So you took the plunge, bought a DSLR and unless you shoot in auto, your photos just aren’t turning out right? It takes a bit of understanding and a whole lot of practice to get manual shooting down pat.
What are the manual modes?
The first essential element is to understand what the three manual modes are:
- Manual Mode
This is full blown, you’re in control of everything. This mode will enable you to make decisions based on the ISO, aperture and shutter speed, essentially controlling the exposure.
- Aperture Priority
Aperture Priority gives you control of two of the three manual settings – ISO and aperture. Using this setting will let the camera select an appropriate shutter speed to give you the correct exposure.
- Shutter Priority
Shutter Priority gives you control over ISO and the shutter speed. This setting will let the camera select the correct aperture to give your photos the right exposure.
Now it’s not a manual mode, but the ISO is pretty essential to your image quality. No matter what mode you’re shooting on, try to get in the habit of checking/setting your ISO first. If you’re shooting outdoors, you’ll want your ISO to be between 100-400 (if it’s overcast) and if you’re indoors or in a dimly lit room, you’ll want to go anywhere from 400 all the way to 3200 (if necessary. You’ll need to test the upper limits once you’re more comfortable).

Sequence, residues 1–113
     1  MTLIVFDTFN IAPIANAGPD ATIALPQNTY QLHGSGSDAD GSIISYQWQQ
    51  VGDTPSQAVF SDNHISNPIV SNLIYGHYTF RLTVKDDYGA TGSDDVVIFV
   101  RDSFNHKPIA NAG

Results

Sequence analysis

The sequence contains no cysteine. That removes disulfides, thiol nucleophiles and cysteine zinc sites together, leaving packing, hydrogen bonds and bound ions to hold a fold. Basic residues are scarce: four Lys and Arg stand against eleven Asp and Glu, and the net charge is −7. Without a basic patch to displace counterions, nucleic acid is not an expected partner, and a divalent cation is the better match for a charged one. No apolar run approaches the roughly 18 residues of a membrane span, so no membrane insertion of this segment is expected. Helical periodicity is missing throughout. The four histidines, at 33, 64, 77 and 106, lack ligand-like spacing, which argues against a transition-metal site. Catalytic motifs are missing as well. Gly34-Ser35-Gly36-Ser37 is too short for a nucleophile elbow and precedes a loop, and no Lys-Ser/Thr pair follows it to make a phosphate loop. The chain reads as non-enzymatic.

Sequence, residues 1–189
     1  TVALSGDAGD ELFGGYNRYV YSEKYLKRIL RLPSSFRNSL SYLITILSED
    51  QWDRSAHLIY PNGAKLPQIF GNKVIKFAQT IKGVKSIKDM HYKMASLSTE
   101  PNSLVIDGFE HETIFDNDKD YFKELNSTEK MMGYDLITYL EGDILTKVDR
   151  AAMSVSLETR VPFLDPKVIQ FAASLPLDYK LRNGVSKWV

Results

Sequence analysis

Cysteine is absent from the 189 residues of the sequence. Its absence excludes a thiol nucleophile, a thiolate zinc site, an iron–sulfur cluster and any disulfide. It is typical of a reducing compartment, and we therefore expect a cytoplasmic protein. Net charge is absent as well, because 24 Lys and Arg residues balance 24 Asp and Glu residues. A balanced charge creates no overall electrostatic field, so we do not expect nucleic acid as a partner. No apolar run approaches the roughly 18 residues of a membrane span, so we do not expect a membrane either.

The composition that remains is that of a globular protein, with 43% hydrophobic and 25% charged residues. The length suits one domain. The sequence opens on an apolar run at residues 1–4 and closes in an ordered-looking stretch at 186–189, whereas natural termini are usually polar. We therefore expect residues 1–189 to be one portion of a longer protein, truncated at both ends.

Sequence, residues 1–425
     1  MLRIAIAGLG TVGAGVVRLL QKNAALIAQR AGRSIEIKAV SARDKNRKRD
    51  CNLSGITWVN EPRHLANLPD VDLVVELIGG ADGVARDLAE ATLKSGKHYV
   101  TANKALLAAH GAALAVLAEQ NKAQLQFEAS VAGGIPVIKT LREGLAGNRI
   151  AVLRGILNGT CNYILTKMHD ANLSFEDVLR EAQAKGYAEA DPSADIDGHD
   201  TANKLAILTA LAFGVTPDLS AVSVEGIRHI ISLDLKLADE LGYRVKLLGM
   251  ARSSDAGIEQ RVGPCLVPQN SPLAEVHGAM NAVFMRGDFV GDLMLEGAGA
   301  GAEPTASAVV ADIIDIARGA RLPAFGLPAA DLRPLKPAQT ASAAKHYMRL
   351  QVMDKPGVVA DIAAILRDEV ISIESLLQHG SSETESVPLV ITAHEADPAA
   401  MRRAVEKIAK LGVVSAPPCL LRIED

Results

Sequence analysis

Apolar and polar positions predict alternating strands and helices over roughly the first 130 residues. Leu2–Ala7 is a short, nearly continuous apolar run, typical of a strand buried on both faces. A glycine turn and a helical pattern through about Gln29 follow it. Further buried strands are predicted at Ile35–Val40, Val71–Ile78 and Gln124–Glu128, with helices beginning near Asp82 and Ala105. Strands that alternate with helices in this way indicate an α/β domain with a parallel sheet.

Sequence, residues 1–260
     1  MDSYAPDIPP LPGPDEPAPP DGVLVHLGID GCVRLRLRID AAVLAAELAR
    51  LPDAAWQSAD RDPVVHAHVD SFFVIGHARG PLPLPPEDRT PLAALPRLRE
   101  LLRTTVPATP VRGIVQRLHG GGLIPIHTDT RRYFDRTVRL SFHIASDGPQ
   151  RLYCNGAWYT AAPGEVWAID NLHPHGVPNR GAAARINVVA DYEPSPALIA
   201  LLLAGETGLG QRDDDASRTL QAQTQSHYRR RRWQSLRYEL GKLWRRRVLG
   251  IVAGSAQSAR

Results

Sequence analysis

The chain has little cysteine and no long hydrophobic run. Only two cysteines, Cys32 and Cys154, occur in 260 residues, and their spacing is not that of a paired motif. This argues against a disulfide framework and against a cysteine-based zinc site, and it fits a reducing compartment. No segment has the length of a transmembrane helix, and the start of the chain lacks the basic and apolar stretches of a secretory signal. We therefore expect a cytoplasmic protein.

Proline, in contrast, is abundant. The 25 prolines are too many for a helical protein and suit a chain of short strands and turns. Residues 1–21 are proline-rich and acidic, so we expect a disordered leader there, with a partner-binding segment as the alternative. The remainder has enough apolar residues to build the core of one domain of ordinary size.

You’ll probably notice that you’ll use shutter or aperture priority more than you’ll go full manual. Once you understand what the manual shooting modes are, the next step is to understand how they function.
So what are the functions?
Aperture Priority is for when you want to control the depth of field in your images – e.g. when you want the background blurred or the subject matter to look super sharp. If you want a blurred background, you’ll want to choose a large aperture like f.28 or f1.8, but when you want a larger depth of field or to show maximum detail and sharpness, you’ll want to choose a small aperture like f11 or smaller (depending on your lens).
Shutter mode is what you want to use when you need to control motion, either freezing it (for sports or action) or making it blurry (for subjects like flowing water, waterfalls or panning a moving subject). Shutter speed usually ranges from 1/8000th of a second on the fast end (perfect for freezing fast paced action shots!) to 30 seconds on the slow end (great for capturing the flowing motion of water).
Once you’ve had enough practice in both of these modes and gotten the hang of the right ISO settings, it’s time to put your knowledge to use and take control of your camera in full manual mode! Just remember – practice makes perfect!